Should I tell the hiring manager??

  1. Hi all nurses.com!! I have a question... I have an interview on a VERY BUSY med-surg unit in a few days. I really need this job. Recently, I was diagnosed as diabetic. Good news is, the doctor says at this point it is mild and can be controlled with diet and exercise. I am on NO medication for it at this stage. HOWEVER, I have to eat a little something every few hours to keep the glucose levels stable. I tend to get hypoglycemic with it. I don't have to sit down, just need like 5 minutes or so to scarf down my nutrient bar or a yogert.

    This unit is INSANELY BUSY. I have shadowed on it and the RN I was with, NEVER took a break for the 8 plus hours I was there. I finally had to ask if I could have a second to wolf a sandwich down.

    Here is the question.... do I need to tell the RN unit manager in my interview that I am diabetic and need to eat every few hours?? I am fine as long as I eat a little something, but if I don't I get "whirly-bird" and feel like I am going to go PLOP! I don't have to sit down, just need like 5 minutes or so to scarf down something. Should I say anything?? I don't want to alarm her and I really need the job, BUT I do need to have time throughout the shift to grab a snack every once in a while (I was not diabetic in nursing school... this is something that was recently discovered).

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    About Epona

    Joined: Mar '06; Posts: 796; Likes: 142
    Nursing student

    12 Comments

  3. by   rn4ever?
    I don't think that the interview is the best time to mention that to her. Wait until you are officially employed in that facility.
  4. by   BULLYDAWGRN
    as long as you think you can do the job then give it a try and not worry about it. i work with diabetic nurses in the er and yes there has been times when they arent at their best, but i for one appreciate their effort even when they are draggin. try to find other diabetic nurses and find out any tricks they use to keep them going. good luck.
  5. by   gr8rnpjt
    Quote from rn4ever?
    I don't think that the interview is the best time to mention that to her. Wait until you are officially employed in that facility.
    Cosigned. No need to say anything before you get the job. In fact, saying something ahead of time could make you appear "fussy", or "needy". When you start work, let your preceptor and manager know what your requirements are to maintain glycemic control. You are certainly not the first diabetic nurse for sure. Don't make a bigger deal of this than you have to.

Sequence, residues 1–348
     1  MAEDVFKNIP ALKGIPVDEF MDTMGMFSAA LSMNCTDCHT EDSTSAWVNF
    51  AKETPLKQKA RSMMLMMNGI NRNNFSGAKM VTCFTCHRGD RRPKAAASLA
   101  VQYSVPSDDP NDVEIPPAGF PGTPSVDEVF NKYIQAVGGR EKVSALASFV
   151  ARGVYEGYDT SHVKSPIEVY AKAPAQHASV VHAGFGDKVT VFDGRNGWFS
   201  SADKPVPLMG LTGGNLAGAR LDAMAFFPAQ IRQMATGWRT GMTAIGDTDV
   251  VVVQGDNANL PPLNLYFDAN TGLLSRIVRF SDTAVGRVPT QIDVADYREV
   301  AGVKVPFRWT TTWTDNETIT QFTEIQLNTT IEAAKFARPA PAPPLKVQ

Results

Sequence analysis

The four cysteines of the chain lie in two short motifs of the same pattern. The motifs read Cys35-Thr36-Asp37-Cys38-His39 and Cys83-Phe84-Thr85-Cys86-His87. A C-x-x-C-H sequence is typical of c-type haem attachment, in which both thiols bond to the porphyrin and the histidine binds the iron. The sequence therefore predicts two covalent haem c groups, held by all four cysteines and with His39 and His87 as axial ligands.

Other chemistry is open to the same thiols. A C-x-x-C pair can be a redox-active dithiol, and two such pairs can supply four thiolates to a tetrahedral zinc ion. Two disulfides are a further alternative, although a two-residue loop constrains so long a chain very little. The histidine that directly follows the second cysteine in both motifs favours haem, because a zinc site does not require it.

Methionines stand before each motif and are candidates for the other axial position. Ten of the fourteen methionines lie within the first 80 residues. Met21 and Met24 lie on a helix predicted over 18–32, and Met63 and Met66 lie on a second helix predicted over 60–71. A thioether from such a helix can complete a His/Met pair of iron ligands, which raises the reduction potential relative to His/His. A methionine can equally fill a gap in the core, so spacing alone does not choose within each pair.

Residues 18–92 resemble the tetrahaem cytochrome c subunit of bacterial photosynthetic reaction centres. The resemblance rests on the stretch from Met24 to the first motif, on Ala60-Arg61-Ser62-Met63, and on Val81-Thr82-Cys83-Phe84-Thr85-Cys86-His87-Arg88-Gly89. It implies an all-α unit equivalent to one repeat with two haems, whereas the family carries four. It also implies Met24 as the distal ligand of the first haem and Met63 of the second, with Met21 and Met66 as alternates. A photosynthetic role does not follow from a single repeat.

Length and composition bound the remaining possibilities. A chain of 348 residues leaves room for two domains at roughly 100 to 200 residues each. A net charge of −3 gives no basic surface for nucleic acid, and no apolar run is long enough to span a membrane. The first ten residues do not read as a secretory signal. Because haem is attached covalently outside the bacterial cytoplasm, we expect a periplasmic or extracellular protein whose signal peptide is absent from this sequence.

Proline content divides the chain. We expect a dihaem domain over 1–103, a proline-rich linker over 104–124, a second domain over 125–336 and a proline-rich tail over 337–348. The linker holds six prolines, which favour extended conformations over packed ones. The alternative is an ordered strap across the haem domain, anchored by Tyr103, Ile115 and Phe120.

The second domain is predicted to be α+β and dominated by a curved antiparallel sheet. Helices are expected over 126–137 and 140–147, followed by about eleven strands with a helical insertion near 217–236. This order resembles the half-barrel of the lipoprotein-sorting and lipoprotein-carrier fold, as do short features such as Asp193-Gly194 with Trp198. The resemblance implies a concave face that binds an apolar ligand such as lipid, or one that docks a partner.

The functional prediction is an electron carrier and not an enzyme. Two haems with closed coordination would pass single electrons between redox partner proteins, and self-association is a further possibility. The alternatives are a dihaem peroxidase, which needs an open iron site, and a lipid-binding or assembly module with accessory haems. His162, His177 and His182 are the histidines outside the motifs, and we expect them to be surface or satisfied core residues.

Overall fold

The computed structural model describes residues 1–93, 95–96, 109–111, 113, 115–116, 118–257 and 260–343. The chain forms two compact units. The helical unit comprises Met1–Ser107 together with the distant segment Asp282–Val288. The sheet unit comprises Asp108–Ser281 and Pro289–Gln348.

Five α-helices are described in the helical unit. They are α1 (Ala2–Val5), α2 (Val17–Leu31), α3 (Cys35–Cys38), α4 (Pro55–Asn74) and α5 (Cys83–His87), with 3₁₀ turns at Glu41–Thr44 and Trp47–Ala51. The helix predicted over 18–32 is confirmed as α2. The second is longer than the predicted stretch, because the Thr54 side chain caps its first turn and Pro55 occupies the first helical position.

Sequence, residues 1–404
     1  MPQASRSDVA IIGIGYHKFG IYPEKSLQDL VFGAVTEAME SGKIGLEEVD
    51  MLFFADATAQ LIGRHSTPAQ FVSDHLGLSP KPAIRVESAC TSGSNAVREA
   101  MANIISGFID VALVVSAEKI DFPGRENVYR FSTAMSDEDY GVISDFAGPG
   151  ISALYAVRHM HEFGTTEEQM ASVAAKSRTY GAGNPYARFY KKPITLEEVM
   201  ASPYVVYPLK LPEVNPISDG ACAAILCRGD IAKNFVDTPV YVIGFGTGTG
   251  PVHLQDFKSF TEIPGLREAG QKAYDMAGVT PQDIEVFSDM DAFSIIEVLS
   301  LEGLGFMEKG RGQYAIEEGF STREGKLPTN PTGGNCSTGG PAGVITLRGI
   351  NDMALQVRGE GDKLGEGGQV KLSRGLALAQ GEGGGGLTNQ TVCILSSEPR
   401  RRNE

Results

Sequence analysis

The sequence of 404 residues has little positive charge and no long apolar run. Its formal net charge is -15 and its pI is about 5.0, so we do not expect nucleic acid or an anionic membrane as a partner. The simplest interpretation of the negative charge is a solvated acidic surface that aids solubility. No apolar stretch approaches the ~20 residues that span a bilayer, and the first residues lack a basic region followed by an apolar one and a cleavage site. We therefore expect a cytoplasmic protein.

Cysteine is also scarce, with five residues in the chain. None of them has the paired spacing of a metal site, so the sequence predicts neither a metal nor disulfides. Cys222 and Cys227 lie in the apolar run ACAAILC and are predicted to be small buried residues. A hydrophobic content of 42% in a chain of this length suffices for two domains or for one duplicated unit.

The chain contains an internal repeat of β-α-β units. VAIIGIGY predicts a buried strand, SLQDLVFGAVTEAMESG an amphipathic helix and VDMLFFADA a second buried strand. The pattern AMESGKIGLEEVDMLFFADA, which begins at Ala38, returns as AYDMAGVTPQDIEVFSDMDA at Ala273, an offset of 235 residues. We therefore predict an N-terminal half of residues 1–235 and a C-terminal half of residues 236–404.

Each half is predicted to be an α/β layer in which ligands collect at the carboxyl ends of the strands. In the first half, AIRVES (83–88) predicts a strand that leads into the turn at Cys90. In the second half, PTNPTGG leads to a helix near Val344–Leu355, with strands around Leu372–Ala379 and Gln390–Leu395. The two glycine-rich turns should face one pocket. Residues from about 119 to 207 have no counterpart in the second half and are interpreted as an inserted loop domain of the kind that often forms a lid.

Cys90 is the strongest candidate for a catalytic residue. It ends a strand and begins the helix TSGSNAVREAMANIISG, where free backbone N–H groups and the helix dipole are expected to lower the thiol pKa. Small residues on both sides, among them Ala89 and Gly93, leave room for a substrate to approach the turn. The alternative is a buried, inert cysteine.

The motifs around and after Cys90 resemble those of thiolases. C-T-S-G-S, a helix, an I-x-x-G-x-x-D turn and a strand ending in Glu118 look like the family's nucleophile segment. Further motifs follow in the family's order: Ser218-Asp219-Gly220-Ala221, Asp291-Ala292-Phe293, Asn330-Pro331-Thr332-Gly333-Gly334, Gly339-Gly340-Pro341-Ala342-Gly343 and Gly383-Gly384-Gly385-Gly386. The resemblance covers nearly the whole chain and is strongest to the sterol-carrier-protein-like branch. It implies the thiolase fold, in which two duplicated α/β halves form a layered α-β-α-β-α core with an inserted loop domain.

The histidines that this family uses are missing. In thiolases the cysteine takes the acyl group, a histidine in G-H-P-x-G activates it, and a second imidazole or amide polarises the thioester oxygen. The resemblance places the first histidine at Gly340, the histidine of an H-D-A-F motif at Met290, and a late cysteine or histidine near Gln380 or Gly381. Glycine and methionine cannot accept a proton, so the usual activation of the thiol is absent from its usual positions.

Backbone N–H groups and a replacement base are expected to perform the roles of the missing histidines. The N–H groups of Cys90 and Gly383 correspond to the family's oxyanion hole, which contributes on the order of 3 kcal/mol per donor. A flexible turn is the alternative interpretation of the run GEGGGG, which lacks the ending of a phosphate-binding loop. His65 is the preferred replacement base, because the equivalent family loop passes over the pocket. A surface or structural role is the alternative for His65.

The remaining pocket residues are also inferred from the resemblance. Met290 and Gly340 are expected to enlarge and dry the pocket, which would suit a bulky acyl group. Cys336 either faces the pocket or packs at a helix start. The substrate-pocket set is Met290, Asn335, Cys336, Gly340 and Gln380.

By the way, what meter do you like? I am always looking for better meters for my ex husband. He hates something about every meter he has had!!!
  6. by   ky_grl82
    Tell her after you're hired. It may be a little to easy too discriminate against you for this and not get the job because of it, though obviously illegal.

    Side note: Aren't there laws mandiating that workers have breaks esp. for lunch? I thought the labor board was pretty strict on that type of stuff. I am not a nurse (just starting nursing school soon) but I would still think that breaks for nurses would be very important and the labor board would be stricter on this.
  7. by   Epona
    Thanks everyone for all the great tips. I will use them and WAIT until after I am offered the job! Thanks!

    As far as the meter I use, I was using one to monitor it for a while when the doc. made the diagnosis. I don't recall the name of it. I averaged around 135. Typically when I wake it is around 110. I have clocked it at 96 before YAHOO and the highest was 145 after birthday cake and pizza! I do not use the meter regularly at this point. My doc. has not instructed me to do so at this time.

    I am pretty good at monitoring the 'swings' I get with the sugar highs and lows. I am eating foods, snacks higher in protein and lower in sugar and carbs. I eat every few hours to avoid the dips. I am walking everyday now AND have lost some weight! Hooray! I try hard now to watch and do what I am supposed to do. I don't want to go on meds. and insulin. The doc. thinks I can prevent it from getting worse by taking action now.